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Identifying the best algae for biofuels Discovering which algae species is best suited to make biofuel is no small task. Researchers have tried to evaluate algae in test tubes, but often find lab results don’t always mirror what happens when the substance is grown in outdoor ponds. The Algae DISCOVR (Development of Integrated Screening, Cultivar Optimization and Validation Research) Project is now trying out a new approach that could reduce the cost and the time needed to move promising algal strains from the laboratory and into production. At the end of the three-year pilot project, scientists hope to identify four promising strains from at least 30 initial candidates. “Algae biofuel is a promising clean energy technology, but the current production methods are costly and limit its use,” said lead researcher Michael Huesemann of the US Department of Energy’s (DOE) Pacific Northwest National Laboratory (PNNL). “The price of biofuel is largely tied to growth rates. Our method could help developers find the most productive algae strains more quickly and efficiently.”

LEAPS mimics the frequently shifting water temperatures and lighting conditions that occur in outdoor ponds at any given place on Earth.

Led by PNNL and including three other DOE labs, as well as the Arizona Center for Algae Technology and Innovation,

different types of algae strains. Each row is exposed to unique

the project’s work relies on PNNL’s Laboratory Environmental

temperature and lighting regimens thanks to heaters, chillers

Algae Pond Simulator (LEAPS) mini-photobioreactors. This

and heat exchangers, as well as coloured lights simulating the

system mimics the frequently shifting water temperatures and

sunlight spectrum — all of which can be changed every second.

lighting conditions that occur in outdoor ponds at any given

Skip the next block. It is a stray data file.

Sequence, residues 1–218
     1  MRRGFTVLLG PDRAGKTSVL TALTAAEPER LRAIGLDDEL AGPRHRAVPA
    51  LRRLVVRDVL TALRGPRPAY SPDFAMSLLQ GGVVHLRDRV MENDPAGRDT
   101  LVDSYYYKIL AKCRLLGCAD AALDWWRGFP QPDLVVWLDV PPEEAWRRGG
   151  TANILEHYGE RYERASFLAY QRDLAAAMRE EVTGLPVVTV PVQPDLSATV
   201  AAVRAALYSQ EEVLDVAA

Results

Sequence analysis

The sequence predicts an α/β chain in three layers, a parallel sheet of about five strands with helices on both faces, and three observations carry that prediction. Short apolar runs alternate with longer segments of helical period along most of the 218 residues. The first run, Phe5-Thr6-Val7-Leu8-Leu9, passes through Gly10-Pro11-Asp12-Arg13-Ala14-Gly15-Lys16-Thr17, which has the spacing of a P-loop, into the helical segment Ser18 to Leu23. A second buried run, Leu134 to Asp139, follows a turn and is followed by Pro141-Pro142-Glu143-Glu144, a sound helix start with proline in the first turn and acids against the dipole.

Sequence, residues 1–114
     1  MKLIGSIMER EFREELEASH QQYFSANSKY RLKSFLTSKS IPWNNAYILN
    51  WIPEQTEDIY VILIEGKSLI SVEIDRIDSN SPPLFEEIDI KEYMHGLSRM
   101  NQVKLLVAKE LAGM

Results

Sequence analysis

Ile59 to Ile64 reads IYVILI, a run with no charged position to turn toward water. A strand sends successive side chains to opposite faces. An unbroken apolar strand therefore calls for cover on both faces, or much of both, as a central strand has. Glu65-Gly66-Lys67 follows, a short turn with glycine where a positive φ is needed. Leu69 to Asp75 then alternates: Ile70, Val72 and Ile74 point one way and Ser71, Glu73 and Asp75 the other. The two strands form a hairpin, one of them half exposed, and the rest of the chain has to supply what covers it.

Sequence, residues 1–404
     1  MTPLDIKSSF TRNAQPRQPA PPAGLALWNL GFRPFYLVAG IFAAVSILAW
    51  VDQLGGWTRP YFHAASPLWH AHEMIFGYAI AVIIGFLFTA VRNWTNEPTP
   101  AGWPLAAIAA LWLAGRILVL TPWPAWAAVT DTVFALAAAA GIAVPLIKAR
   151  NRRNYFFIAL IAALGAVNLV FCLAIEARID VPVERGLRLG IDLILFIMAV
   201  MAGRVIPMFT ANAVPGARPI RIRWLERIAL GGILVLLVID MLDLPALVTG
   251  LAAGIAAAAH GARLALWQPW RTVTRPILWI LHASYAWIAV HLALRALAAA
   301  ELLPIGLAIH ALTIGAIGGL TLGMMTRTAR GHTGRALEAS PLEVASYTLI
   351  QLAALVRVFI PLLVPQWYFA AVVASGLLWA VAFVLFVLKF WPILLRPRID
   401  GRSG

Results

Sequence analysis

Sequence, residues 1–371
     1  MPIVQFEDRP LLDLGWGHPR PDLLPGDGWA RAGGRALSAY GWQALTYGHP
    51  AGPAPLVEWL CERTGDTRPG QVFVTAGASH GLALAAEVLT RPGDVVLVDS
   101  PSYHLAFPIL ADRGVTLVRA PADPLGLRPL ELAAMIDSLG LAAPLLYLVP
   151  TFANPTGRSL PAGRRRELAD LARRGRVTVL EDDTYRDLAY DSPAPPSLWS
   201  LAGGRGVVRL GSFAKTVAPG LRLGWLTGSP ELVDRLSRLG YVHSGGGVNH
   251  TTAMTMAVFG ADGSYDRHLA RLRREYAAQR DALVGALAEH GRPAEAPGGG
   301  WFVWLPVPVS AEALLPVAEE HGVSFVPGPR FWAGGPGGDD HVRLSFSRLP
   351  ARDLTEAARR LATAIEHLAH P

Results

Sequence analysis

The first phase of the team’s screening process uses

place on Earth.

the photobioreactors to cultivate all 30 algal strains under

The LEAPS glass-column

consideration and evaluate their growth rates. Strains with

photobioreactors act like

suitable growth will be studied further to measure their oil,

small ponds and are placed

protein and carbohydrate content, all of which could be used

in rows to allow scientists to

to make biofuels. The algae will also be tested for valuable

simultaneously grow multiple

co-products such as the food dye phycocyanin, which could make algae biofuel production more cost-effective. This phase will also involve evaluating how resistant strains are to harmful bacteria and predators that can kill algae.

PNNL scientists Michael Huesemann and Tom Hausmann.

Next, the team will look for strains that produce 20% more biomass than two well-studied algae strains. The top-performing strains will then be sorted to find individual cells best suited for biofuel production, such as those that contain more oil. Those strains will also be exposed to various stresses to encourage rapid evolution so they can, for example, survive in the higher temperatures outdoor ponds experience in the summer. After passing those tests, the remaining strains will be grown in large outdoor ponds in Arizona. Researchers will examine how algae growth in the outdoor ponds compares with the algal biomass output predicted in earlier steps. Biomass will also be harvested from outdoor-grown algae for future studies. Finally, the team will further study the final algae strains that fare best outdoors to understand how fast they grow in different lighting and temperature conditions. That data will then be entered into PNNL’s Biomass Assessment Tool, which uses detailed data from weather stations and other sources to identify the best possible locations to grow algae.

PNNL biochemical engineer Mattias Greer examines algae samples for their suitability to make biofuel.

Data and strains will be made public in the hopes that algae companies and other researchers will consider growing the most productive strains identified by the project.

32 Sustainability Matters - Jun/Jul 2017

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Sustainability Matters Jun/Jul 2017  

Sustainability Matters is a bi-monthly magazine showcasing the latest products, technology and sustainable solutions for industry, governmen...

Sustainability Matters Jun/Jul 2017  

Sustainability Matters is a bi-monthly magazine showcasing the latest products, technology and sustainable solutions for industry, governmen...